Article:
A woman like you
CREDIT: REGIONAL HIV/AIDS CONNECTION
The A Woman Like Me campaign aims to inform local women about pro-tecting themselves against HIV.
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Despite all the excitement sur-rounding the new downtown artscampus slated to open next year,some staff members are regardingit with caution.Darryl Bedford, president of OPSEU Local 110, the facultyunion, said he is concerned withthe creation of full-time positionswithin the college. “The business plan had indicated 75 positions(would be available downtown). Itsaid full-time staff, so it wasn’tclear whether that was all faculty,or whether it was faculty, supportstaff and administration.”“Some of the programs that theyidentified (that will reside in thedowntown campus) already exist,”he continued. “We were wonder-ing if there were faculty beingtransferred from other campuses,whether it be Citi Plaza or fromLondon campus. A problem we’vehad in the past is that there will bea promise of job creation – and Idon’t necessarily blame the collegefor this; the politicians will prom-ise that jobs will be created – and itdoesn’t happen.”Dr. Howard Rundle, president of Fanshawe College, said this wasnot a solid number but an estima-tion.“All we do is estimate the num- ber of students (at the new cam- pus), then use a formula, which is just based on the past. That’swhere the 75 comes from. It’s notnecessarily 75 full-time staff.”As part of a move to raise aware-ness about the union’s stance onthis issue, Bedford and other unionmembers sent letters to local politi-cians and Fanshawe College offi-cials, urging them to find or pro-vide the funding to hire 75 full-time staff members.According to Bedford, the only politician who responded wasLondon West MPP Chris Bentley,who agreed with the union thatfunding was needed to create full-time positions.“We just want to make sure thatthat money is there; that this juststrictly isn’t a renovation for anumber of downtown buildings, but without the support needed tomake it successful,” said Bedford.“In order for Fanshawe Collegeto grow … we need capital fund-ing, and we need operating fund-ing,” explained Rundle. “Thosetwo never come together – they’realways separate. Operating comeswhen the government creates itsown budget for the year, and thatgives us our operating funding.That’s what we use to hire staff,and we need that in order to growsignificantly.”“Fanshawe’s situation right nowis that, even if there were moreoperating money, right now, today,we couldn’t grow our enrolment byany significant amount because wedon’t have space,” he continued.“We have a need for space, andtherefore, capital funding.”“You can’t just create a buildingovernight. You can hire staff prettyquickly, but you can’t create facil-ities quickly.”The city of London is consider-ing providing the college with upto $20 million in capital funding torenovate heritage buildings down-town. The union is looking to the province to fund the operating budget.Bedford said that in a meetingwith representatives from the cityof London and Fanshawe Collegeon March 14, the union’s concernswere echoed. He said that the rep-resentatives had indicated that theyhad wanted to see jobs created, not just moved from one campus toanother. “The city did share thatconcern in that they wanted to seethe jobs created (within the col-lege).”According to JanetteMacDonald, manager of theDowntown London organization,the downtown arts campus has the potential to rejuvenate the core of the city and create lots of jobopportunities in the downtown dis-trict.“It is absolutely going toincrease jobs in the college, and Ithink the union reps have everyright to take care of that, but wehave to look at the entire city,” shesaid. “We feel that, not only will itcreate new jobs within the college,it will definitely create other jobsas well.”“We already have people (com-ing to us) to say, ‘With Fanshawecoming, I have this great businessidea,’” she said, adding that manyof the businesses are art-themed,including art supply and fabricstores. “People are already specu-lating on how good it will be.”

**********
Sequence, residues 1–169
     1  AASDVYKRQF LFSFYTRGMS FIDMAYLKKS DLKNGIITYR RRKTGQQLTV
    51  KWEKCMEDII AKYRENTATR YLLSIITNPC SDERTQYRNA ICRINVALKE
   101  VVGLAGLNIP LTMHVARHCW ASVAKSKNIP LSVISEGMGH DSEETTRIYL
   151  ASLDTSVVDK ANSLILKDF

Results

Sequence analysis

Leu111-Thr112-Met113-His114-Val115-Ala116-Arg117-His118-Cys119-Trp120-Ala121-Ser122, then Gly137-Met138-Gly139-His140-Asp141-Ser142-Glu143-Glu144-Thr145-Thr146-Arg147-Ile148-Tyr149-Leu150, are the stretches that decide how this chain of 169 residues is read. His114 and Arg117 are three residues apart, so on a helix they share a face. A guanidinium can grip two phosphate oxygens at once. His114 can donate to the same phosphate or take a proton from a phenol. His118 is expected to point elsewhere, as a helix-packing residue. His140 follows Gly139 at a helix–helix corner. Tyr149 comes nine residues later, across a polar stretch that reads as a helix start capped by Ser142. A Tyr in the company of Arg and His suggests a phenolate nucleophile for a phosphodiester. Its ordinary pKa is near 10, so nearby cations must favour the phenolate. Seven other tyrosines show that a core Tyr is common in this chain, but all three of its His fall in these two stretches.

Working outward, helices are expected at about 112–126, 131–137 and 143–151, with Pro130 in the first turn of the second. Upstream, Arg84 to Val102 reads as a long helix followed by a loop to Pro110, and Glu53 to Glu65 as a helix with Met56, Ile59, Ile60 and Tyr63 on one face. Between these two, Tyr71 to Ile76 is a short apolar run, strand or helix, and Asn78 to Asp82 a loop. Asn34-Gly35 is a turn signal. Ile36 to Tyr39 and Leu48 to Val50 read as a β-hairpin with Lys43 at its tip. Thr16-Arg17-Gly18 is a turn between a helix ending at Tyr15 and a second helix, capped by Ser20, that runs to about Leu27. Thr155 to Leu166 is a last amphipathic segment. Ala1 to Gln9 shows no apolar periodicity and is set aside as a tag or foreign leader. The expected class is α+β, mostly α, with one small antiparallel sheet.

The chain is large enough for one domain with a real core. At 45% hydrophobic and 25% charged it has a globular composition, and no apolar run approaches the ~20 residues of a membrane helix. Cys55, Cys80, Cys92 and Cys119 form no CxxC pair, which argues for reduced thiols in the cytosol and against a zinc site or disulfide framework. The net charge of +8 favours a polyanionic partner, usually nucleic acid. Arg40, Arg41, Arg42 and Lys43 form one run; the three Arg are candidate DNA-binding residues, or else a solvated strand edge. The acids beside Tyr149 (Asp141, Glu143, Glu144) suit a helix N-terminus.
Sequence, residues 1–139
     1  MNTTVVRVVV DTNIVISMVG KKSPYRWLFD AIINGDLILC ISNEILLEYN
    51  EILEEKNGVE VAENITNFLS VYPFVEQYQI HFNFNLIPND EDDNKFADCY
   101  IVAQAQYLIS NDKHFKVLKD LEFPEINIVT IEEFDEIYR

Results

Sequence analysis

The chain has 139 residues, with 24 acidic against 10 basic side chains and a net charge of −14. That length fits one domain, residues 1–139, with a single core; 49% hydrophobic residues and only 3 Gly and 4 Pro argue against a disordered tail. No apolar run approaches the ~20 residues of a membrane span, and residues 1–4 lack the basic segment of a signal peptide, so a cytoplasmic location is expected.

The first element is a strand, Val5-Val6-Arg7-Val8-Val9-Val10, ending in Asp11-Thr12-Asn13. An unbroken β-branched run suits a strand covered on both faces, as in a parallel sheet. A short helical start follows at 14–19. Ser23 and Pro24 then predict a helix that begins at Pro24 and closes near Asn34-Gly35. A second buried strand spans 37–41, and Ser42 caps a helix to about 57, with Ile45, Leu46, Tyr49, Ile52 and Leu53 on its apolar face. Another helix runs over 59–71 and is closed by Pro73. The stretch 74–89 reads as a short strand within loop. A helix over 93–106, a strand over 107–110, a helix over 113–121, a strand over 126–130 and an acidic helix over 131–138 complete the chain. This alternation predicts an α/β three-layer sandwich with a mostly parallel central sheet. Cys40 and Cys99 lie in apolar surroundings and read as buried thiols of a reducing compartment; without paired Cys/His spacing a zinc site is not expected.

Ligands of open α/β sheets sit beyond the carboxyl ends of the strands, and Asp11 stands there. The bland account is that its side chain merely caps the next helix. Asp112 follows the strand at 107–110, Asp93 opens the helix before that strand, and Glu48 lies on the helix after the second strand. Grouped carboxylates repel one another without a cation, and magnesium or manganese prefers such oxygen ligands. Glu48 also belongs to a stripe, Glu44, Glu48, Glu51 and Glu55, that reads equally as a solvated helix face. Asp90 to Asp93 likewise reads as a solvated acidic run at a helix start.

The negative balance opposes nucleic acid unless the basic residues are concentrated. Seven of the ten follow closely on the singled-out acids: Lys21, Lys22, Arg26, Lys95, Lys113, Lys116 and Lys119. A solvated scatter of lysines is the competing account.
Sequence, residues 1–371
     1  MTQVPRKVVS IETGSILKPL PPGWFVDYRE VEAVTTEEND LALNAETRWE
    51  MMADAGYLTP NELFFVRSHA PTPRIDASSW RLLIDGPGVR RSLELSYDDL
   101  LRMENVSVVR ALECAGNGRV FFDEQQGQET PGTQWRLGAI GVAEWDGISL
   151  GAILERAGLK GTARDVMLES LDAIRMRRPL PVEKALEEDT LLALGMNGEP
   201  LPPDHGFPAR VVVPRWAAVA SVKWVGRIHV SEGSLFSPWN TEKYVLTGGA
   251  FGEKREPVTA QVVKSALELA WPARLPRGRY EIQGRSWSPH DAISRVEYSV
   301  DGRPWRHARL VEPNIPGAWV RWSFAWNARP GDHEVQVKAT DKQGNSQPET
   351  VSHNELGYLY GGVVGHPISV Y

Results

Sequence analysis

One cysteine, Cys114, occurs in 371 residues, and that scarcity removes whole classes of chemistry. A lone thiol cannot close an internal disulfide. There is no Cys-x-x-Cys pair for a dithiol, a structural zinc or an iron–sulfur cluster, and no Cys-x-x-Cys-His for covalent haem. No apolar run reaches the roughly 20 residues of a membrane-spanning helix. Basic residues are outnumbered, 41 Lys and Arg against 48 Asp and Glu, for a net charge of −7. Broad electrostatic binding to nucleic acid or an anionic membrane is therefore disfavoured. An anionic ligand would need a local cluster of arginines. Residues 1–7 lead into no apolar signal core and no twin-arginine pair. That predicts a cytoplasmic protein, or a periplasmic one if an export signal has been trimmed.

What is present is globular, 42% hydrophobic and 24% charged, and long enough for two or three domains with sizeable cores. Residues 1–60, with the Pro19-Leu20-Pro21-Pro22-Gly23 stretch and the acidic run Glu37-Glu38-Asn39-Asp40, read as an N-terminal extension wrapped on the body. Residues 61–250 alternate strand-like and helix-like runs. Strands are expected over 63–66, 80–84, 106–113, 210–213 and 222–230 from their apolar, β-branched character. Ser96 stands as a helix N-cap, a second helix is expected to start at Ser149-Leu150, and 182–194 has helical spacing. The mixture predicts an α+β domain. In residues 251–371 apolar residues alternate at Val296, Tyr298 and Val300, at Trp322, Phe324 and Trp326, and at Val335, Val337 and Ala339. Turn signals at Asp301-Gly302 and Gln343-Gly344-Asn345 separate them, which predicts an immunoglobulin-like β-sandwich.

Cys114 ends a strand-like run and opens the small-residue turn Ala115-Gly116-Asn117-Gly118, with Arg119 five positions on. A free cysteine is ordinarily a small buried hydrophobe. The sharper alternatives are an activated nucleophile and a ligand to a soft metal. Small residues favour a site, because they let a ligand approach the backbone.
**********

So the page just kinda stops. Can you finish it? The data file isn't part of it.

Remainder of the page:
The downtown campusand job creation